This is a construction cost consultant’s unsolicited advice to Premier John Horgan.
The Community Benefits Agreement will come with a big price tag.
The amount will depend on the implementation by the bureaucratic administrators. Contractors are currently suffering from “regulation burn-out” as a result of the overwhelming burden of regulations from all levels of government.
It has increased relentlessly over the past 20 years with a corresponding increase in construction cost. This new set of regulations is “Trumpian” in its audacity. The cost increase will match the audaciousness of the regulations.
Contractors are now comprised of teams of highly qualified professionals. The increase of specialization has resulted in an ever larger number of subcontractors and suppliers. It is now an industry dominated by small business. Your policy will have a negative impact on small business.
General contractors operate both as professional consultants and construction managers. Few have large workforces hired directly. Subcontracting is standard practice. Your approach to bids is not applicable to many specialized projects that demand input from contractors from the conceptual stage of a project.
This contractor expertise is in high demand and very mobile both nationally and to the U.S. It could result in reverse discrimination: non-union contractors and their highly qualified staff may boycott your projects. The flight of this expertise from B.C. could be an unintended consequence.
Contractors and subcontractors maintain their own teams and work crews on a permanent basis. Hiring is done online, through personnel agencies or for the larger firms their own human resources department. The construction workforce is in constant flux throughout a project. Interfere with this dynamic process and the consequences will be costly.
Your government intends to insert itself between the contractor and their workforce. This is gross interference in the construction process with serious cost and schedule negatives. The dead hand of the state will lie across the construction projects, suffocating ingenuity, productivity and performance. It will have a paralyzing effect.
Construction prices have spiked in the past year. The industry is busy. This reality will complicate the implementation of this new policy. It will amplify the negatives.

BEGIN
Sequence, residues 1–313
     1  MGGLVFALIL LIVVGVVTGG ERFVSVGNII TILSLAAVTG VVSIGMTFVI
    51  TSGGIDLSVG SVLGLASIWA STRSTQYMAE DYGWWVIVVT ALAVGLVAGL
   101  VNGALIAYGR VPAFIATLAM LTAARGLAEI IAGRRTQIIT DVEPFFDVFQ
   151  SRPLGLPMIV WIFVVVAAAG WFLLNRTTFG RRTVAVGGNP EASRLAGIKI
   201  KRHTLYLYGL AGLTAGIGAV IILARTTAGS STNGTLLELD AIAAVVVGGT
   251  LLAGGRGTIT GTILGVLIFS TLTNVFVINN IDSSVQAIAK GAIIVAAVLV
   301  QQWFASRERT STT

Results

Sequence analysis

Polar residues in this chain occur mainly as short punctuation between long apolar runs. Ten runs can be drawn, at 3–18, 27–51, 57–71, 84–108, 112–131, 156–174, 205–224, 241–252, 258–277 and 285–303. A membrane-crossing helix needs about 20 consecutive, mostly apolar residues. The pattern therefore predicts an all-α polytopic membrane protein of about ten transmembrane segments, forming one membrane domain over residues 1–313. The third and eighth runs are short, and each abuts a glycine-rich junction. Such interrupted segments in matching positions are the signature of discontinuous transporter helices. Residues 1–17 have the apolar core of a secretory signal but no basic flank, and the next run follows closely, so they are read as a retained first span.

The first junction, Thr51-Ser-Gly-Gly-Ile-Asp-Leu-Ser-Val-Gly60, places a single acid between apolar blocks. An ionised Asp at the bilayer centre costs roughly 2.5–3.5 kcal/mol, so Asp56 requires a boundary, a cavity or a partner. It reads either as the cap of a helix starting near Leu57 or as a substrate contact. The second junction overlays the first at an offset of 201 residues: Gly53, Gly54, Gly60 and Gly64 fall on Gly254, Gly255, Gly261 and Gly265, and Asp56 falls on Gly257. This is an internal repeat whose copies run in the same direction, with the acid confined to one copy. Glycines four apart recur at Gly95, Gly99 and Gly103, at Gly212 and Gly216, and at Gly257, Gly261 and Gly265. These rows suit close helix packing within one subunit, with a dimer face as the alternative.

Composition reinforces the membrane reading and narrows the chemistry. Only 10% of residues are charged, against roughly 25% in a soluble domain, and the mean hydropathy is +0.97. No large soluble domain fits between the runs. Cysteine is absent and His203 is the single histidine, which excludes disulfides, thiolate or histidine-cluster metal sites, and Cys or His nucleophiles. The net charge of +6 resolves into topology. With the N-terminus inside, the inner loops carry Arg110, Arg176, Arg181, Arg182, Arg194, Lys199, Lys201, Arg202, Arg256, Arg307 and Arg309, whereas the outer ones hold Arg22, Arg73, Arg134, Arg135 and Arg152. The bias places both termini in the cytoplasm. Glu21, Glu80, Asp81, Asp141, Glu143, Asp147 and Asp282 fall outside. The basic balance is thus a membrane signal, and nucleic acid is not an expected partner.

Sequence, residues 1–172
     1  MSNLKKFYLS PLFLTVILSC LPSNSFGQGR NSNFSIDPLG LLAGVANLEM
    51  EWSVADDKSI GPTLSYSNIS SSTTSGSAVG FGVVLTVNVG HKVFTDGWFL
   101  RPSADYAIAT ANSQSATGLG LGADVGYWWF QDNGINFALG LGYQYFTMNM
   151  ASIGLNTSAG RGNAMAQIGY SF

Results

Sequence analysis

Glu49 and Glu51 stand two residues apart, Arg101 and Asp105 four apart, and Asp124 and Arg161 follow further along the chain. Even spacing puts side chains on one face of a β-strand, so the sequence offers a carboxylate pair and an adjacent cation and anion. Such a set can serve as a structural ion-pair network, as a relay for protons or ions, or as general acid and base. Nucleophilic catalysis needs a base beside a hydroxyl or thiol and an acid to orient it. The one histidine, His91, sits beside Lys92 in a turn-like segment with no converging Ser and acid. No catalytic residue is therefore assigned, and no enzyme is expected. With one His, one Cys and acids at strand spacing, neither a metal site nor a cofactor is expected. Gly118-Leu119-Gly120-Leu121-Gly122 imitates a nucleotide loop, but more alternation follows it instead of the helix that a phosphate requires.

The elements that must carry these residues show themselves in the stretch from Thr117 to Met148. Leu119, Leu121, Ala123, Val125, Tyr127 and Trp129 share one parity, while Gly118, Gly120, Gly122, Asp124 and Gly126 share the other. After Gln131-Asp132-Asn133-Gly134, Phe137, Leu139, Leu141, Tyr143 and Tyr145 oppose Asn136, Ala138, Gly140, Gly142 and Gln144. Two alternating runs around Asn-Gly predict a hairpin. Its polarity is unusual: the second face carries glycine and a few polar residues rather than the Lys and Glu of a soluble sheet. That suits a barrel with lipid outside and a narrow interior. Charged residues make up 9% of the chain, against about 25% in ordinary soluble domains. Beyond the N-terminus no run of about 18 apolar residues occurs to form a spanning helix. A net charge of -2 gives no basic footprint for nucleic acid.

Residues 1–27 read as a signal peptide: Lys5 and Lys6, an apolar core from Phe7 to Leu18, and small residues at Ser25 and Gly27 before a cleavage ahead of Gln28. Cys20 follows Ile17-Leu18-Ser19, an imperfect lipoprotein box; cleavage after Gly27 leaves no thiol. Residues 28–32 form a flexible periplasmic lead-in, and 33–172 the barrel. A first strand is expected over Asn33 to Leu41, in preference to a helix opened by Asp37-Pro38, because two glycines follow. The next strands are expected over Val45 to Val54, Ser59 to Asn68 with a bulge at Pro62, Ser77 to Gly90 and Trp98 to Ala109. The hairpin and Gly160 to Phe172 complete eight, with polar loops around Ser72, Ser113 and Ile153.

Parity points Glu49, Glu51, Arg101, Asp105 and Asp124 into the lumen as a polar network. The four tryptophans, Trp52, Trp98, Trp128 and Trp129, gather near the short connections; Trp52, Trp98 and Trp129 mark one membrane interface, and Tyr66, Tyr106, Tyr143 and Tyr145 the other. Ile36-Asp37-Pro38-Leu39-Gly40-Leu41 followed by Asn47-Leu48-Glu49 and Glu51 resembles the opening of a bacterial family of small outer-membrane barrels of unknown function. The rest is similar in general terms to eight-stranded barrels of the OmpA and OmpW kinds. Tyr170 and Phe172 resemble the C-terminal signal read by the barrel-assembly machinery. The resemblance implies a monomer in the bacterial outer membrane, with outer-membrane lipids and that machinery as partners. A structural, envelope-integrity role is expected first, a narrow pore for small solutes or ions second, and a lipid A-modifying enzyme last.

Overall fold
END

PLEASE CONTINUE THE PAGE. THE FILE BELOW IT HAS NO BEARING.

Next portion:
For all government projects, project delivery systems need to be flexible – even for smaller projects such as schools. Exploring different project delivery methods is now common because a one-size-fits-all approach is considered old thinking. School districts have to maximize what they buy for their construction dollar.
This policy would box them in and force them to pay more and get less.
Regarding your “union-only” plan: as a general guide, anytime a client restricts supply, the price increases. Your restrictions go way beyond union-only, they almost nationalize the workforce. This will have a huge negative impact on construction cost. Inflexibility equals higher cost and is an established fact in the industry. It will reduce the contractors’ ability to manage his workforce effectively leading to delays and extra costs.
For the potential cost impact, I can only give you my gut feeling based on my experience with similar policies in the ‘90s. I suggest you plan for an increase of 10 to 20 per cent on all projects affected by this policy. The actual increase will vary on a project by project basis.
Implementation will be important. If poorly implemented, this could result in high volatility in bid prices. Poor bid responses for the affected projects could result in project delays, re-bidding and even mothballing of much needed projects.
Over a three-year period, this policy, I speculate, depending on the scope and implementation could absorb $1 to $3 billion of your capital funds. There is a high risk that this amount could increase dramatically due to current heated market conditions, poor implementation or a negative response from non-union contractors.
The cost of these projects will not be based on competitive market prices as the term is commonly understood in the construction industry. It will be “fake competition.” The defenestration of this mainstay of cost management could have unintended cost consequences: out-of-control costs could be in the cards. Since contractors base their estimates on historical data of their work crews’ productivity on previous projects, this unknowable new system will result in a roulette wheel method of estimating.
Denis Walsh has practiced construction cost consulting for over 40 years. Send Industry Voices comments or questions to firstname.lastname@example.org